Extreme weathering/erosion during the Miocene Climatic Optimum; evidence from sediment record in the South China Sea

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doi: 10.1029/2009GL040279
Author(s): Wan Shiming; Kürschner, Wolfram M.; Clift, Peter D.; Li Anchun; Li Tiegang
Author Affiliation(s): Primary:
Chinese Academy of Sciences,Key Laboratory of Marine Geology and Environment, Institute of Oceanology, Qingdao, China
Utrecht University, Netherlands
University of Aberdeen, United Kingdom
Volume Title: Geophysical Research Letters
Source: Geophysical Research Letters, 36(19). Publisher: American Geophysical Union, Washington, DC, United States. ISSN: 0094-8276 CODEN: GPRLAJ
Note: In English. 39 refs.; illus.
Summary: Investigating the interplay between continental weathering and erosion, climate, and atmospheric CO2 concentrations is significant in understanding the mechanisms that force the Cenozoic global cooling and predicting the future climatic and environmental response to increasing temperature and CO2 levels. The Miocene represents an ideal test case as it encompasses two distinct extreme climate periods, the Miocene Climatic Optimum (MCO) with the warmest time since 35 Ma in Earth's history and the transition to the Late Cenozoic icehouse mode with the establishment of the east Antarctic ice sheet. However the precise role of continental weathering during this period of major climate change is poorly understood. Here we show changes in the rates of Miocene continental chemical weathering and physical erosion, which we tracked using the chemical index of alteration (CIA) and mass accumulation rate (MAR) respectively from Ocean Drilling Program (ODP) Site 1146 and 1148 in the South China Sea. We found significantly increased CIA values and terrigenous MARs during the MCO (ca. 17-15 Ma) compared to earlier and later periods suggests extreme continental weathering and erosion at that time. Similar high rates were revealed in the early-middle Miocene of Asia, the European Alps, and offshore Angola. This suggests that rapid sedimentation during the MCO was a global erosion event triggered by climate rather than regional tectonic activity. The close coherence of our records with high temperature, strong precipitation, increased burial of organic carbon and elevated atmospheric CO2 concentration during the MCO argues for long-term, close coupling between continental silicate weathering, erosion, climate and atmospheric CO2 during the Miocene.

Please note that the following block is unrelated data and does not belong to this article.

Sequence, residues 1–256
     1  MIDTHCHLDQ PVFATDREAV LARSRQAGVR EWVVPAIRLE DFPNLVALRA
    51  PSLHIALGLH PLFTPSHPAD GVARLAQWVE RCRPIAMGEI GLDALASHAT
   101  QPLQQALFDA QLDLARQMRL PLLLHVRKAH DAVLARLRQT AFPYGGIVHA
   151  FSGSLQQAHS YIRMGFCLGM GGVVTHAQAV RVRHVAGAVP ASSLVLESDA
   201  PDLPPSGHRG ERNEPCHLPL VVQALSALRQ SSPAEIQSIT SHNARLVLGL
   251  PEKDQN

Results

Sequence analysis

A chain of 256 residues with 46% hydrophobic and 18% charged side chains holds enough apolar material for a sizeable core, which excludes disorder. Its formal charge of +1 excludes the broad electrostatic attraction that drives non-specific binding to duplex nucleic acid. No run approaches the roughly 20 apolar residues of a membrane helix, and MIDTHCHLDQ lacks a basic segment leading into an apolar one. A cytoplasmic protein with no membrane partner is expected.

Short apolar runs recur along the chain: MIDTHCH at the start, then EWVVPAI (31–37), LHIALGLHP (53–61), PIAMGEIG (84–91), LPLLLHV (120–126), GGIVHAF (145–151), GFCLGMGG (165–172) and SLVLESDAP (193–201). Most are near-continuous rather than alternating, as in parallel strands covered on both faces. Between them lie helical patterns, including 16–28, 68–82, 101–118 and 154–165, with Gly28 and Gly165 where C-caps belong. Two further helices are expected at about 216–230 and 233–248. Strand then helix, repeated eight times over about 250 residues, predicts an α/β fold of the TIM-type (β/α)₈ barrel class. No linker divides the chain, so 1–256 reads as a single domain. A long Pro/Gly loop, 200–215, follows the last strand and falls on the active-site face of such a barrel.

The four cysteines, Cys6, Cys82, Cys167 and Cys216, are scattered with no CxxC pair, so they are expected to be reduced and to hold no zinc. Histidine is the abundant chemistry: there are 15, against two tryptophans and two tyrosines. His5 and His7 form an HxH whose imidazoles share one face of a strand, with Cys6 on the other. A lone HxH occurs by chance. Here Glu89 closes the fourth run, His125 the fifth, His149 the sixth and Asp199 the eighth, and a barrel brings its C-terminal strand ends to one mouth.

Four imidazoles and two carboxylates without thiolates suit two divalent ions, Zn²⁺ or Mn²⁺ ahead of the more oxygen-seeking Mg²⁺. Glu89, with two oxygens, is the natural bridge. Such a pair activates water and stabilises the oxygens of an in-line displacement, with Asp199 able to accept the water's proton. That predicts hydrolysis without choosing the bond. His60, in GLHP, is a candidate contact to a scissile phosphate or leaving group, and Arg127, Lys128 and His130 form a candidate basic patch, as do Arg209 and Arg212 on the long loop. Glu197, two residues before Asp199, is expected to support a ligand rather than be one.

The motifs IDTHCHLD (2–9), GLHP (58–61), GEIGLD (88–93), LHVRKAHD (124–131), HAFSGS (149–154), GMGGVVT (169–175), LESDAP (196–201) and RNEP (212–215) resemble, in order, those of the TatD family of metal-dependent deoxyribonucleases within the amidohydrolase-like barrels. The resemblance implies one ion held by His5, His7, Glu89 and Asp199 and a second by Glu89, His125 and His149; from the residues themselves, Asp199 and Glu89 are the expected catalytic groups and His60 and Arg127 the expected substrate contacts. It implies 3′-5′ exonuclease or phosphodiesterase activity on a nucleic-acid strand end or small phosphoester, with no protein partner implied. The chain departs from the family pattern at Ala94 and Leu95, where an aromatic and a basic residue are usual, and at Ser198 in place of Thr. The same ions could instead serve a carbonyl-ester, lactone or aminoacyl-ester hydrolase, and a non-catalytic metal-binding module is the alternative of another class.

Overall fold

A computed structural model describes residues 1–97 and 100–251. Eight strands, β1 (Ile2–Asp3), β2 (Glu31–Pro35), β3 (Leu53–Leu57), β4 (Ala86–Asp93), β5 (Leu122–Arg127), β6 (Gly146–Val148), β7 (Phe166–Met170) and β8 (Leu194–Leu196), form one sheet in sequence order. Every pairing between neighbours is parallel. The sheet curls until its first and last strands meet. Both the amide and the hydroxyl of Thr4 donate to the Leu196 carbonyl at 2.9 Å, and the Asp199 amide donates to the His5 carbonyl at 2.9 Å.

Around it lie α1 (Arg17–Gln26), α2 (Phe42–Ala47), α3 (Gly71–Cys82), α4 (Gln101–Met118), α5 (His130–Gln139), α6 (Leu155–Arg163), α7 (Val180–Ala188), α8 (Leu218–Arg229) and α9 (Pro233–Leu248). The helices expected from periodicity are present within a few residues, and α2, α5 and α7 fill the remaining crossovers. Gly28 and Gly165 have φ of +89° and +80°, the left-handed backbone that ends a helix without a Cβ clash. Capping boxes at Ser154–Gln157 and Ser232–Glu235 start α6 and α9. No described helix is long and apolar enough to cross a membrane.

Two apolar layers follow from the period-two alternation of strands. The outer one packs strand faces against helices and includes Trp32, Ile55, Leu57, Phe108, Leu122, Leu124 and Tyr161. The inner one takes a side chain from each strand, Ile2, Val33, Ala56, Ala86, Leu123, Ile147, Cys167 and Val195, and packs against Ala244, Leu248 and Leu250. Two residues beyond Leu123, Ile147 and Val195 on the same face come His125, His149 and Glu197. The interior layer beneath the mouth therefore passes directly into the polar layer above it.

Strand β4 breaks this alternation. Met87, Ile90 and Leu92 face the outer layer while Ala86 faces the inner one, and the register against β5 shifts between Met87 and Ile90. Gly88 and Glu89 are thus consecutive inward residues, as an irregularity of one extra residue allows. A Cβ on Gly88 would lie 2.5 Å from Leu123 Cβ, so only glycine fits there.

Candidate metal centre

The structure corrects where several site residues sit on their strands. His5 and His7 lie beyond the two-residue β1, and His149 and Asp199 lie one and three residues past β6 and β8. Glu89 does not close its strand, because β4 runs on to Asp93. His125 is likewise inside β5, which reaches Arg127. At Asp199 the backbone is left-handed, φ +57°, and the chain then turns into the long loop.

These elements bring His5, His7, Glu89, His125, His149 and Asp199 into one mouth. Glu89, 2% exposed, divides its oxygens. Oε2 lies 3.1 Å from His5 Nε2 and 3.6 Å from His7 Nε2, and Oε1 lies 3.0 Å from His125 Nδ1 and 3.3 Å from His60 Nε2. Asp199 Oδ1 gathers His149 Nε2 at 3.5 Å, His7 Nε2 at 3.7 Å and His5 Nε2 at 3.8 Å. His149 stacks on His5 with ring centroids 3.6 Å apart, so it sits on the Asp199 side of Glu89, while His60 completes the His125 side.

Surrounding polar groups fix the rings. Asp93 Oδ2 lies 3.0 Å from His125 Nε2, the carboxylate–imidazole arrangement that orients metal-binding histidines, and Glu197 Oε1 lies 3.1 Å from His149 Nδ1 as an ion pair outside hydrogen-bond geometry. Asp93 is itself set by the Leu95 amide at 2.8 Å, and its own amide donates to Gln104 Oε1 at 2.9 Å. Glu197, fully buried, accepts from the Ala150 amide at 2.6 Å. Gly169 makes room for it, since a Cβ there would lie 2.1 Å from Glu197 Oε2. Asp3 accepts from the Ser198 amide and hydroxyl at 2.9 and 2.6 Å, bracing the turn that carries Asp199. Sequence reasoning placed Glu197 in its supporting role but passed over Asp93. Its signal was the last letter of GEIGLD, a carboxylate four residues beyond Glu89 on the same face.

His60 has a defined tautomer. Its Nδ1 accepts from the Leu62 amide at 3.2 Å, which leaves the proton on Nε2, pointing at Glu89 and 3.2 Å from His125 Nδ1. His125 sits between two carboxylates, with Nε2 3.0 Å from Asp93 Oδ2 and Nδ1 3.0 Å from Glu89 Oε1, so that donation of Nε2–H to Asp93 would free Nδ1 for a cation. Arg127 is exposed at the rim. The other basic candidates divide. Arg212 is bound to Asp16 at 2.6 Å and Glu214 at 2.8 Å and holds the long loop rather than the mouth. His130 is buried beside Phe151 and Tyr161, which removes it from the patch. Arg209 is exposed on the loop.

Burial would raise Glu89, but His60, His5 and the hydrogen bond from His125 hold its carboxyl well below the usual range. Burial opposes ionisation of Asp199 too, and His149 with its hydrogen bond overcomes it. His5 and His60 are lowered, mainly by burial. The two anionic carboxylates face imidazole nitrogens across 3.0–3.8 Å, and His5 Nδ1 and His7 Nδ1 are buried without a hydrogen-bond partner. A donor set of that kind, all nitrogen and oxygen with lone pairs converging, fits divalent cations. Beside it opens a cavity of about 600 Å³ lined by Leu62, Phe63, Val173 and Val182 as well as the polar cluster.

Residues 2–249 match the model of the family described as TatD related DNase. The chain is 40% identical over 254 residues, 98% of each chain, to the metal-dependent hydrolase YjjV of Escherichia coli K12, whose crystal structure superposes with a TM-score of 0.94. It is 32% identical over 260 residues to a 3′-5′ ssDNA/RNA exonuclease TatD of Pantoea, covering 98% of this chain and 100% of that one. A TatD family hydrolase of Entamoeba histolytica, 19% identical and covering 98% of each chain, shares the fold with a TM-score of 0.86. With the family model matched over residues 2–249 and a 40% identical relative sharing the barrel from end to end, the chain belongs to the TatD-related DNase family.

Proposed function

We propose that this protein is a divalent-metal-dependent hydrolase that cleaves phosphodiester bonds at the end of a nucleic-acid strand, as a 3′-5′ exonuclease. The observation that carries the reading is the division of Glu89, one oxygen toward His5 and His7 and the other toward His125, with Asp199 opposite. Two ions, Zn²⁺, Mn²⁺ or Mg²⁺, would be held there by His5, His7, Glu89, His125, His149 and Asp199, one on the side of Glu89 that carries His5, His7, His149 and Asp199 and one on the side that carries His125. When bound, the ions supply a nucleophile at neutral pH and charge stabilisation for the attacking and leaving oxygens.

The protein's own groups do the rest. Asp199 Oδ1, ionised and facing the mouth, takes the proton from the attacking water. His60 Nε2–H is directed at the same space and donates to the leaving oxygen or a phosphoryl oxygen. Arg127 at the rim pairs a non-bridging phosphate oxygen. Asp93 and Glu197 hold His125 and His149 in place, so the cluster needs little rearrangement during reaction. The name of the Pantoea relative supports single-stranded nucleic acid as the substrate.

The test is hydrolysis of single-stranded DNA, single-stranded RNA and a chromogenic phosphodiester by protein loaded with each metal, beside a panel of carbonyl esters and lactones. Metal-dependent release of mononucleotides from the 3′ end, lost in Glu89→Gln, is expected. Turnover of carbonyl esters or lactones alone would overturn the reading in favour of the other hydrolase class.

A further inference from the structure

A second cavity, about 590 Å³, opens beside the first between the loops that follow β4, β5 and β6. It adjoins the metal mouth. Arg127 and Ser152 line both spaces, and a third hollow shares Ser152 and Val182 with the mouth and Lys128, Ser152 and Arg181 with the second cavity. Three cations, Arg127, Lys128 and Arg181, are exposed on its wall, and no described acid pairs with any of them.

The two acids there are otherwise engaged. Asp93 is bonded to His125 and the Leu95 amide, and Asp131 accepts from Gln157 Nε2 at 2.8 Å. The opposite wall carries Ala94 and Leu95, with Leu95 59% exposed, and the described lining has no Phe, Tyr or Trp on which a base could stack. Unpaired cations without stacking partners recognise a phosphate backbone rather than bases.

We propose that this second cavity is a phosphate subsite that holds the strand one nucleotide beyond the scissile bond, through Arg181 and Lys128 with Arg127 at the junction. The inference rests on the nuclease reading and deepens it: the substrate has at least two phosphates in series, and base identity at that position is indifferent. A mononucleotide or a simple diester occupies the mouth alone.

Year of Publication: 2009
Research Program: ODP Ocean Drilling Program
Key Words: 12 Stratigraphy, Historical Geology and Paleoecology; Alteration; Antarctic ice sheet; Antarctica; Carbon dioxide; Cenozoic; Depositional environment; East Antarctic ice sheet; Erosion; Glacial environment; Leg 184; Miocene; Miocene Climatic Optimum; Neogene; North Pacific; Northwest Pacific; ODP Site 1146; ODP Site 1148; Ocean Drilling Program; Pacific Ocean; Paleoclimatology; Sedimentation; Sedimentation rates; Sediments; South China Sea; Terrigenous materials; Tertiary; Weathering; West Pacific
Coordinates: N192724 N192724 E1161622 E1161622
N185010 N185010 E1163356 E1163356
Record ID: 2010091974
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